Captain Charles Mills was captured at Fromelles on the morning of 20 July 1916. At first light, German soldiers showered his position with grenades before rushing in from the flanks, firing their rifles from the hip. A German NCO stopped his men on the parapet, jumped into the waterlogged ditch and seized Mills by his wounded hand. ‘Why did you not put up your hands, officer?’ he asked. As the fighting came to an end, Mills and the surviving members of the 31st Battalion were escorted along a communication trench to a farmhouse the Germans called Neuhof. In the courtyard there, they joined three officers and 200 other ranks in what was evidently a collecting station for prisoners of war. A German medical officer took care of the walking wounded, and Mills had his hand cleaned and bandaged. What happened next altered German knowledge of British intentions in the Fromelles area.
Emotional influence not only depends on a person’s group membership, but also on their particular position within the group’s structured interpersonal relations. When the group is part of a wider organisation, additional regulatory regimes may constrain or afford particular forms of emotional conduct. This chapter focuses on how work roles shape emotion communication and regulation. Team leaders’ emotions can set the emotional tone of work-groups, encouraging solidarity and common purpose. In the service sector, clients and customers impose different kinds of emotional demand on employees. Workers whose jobs involve interacting with consumers present the company’s outward face, and are encouraged to regulate their emotional presentations accordingly (emotional labour). Caring professionals need to manage the potential personal costs of empathising with clients undergoing potentially devastating life changes. In all of these cases, employees’ emotions influence and are influenced by the people they deal with in their working lives.
Migration was a crucial component of the spatially uneven formation of labour markets and export-oriented economies in colonial Africa. Much of this mobility was initiated by migrants themselves rather than by colonial authorities. Building on analytical concepts from economic history and migration theory, this study explains the changing composition and magnitude of one such uncontrolled migration flow, from Ruanda-Urundi to Buganda. Migrants’ mobility choices – when to migrate, for how long, and with whom – proved highly responsive to shifting economic opportunity structures on the sending and receiving ends. Initially, large differences in terms of land and labour endowments, socio-economic structures, and colonial interventions, combined with substantial scope for price arbitrage, created large spatial inequalities of opportunity and strong incentives for circular male labour migration. Over time, however, migration contracted as opportunities in Ruanda-Urundi and Uganda converged, not in the least as a result of large-scale mobility itself.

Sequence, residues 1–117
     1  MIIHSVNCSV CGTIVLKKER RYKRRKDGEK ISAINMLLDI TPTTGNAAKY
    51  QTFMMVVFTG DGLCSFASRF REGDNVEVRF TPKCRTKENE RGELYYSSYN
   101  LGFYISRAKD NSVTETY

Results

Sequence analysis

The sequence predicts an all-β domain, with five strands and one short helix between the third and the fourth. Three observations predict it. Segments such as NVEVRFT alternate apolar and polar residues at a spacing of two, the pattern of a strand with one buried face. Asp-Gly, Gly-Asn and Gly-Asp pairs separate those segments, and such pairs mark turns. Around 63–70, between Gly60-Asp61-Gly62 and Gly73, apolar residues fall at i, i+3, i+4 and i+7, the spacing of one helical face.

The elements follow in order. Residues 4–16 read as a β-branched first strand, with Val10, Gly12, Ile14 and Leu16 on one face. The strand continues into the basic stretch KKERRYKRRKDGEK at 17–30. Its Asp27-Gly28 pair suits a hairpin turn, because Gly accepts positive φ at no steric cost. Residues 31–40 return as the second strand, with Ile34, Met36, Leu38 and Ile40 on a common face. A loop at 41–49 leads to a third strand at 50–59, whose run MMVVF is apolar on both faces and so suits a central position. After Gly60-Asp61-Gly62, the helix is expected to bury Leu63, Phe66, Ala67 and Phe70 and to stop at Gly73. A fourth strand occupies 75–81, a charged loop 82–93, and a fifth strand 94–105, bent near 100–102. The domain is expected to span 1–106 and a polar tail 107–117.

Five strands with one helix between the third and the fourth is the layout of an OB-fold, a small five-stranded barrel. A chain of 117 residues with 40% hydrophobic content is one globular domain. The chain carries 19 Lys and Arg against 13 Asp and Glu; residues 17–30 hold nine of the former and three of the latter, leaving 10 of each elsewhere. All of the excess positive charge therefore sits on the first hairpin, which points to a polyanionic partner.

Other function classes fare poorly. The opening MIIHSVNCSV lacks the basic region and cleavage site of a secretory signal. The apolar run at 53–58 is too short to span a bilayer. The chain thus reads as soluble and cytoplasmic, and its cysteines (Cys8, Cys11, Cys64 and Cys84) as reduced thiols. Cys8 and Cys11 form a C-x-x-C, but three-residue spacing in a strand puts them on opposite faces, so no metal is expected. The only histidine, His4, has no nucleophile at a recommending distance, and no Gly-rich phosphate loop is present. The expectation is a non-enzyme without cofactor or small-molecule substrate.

Chapter 1 sets out the project of the book: to understand how medieval lords came to be able to appropriate the labour of peasants, something that was not fully achieved until after the Norman Conquest. This chronology can partly be explained by the fact that the rural economy of Anglo-Saxon England, which produced little surplus, imposed restraints on the extent to which lords were able to exploit peasants. While those working on the ‘inlands’, the most highly exploited sectors of lordships, were virtual serfs, the peasantry of the ‘warland’ which owed public burdens, were free members of the polity. The book suggests that changes in this situation can be sought in the ‘moral economy’. This term, used by Edward Thompson and James Scott , stands for the structure of values which all members of a society believed should govern their dealings with one another. Rank, reciprocity and reputation are selected as particularly important values and the chapter outlines how they will be followed up. The concepts of ‘peasants’, ‘feudal’ and ‘feudal revolution’ are discussed with reference to the work of Susan Reynolds and Chris Wickham and the chapter ends with remarks on the cultural context of some of our most trusted works of reference: dictionaries.
This chapter argues that reciprocity was built into the moral economy of the family farm. It is central to the moral economy of the peasant household that its members constitute the labour force for the farm. Without the produce of the farm the household would starve, without the work of the household the farm could not produce food. Households of all kinds centred on hearths. Having a hearth of one’s own was a crucial signifier of status: to be ‘hearth-fast’ entitled a person, however poor, to a place in the public world and subject to its obligations. The hearth, with its fire alight, was long taken to symbolise the ownership of land and to bring entitlement to a share in one of the most valuable resources of a rural community: rights to pasture and the family farm was the basis of the measuring unit the ‘hide’. The domestic economy had its own hierarchy in which a lord is a hlaford a ‘loaf-keeper’, a lady a hlædige , a ‘loaf-kneader’and to be someone’s ‘loaf-eater’ was to be their dependant, but one with an entitlement to protection: such people were the ‘boarders’, the bordarii , of Domesday Book. Passing on the farm within the family was as vital to peasant society as inheriting family land was to the elite.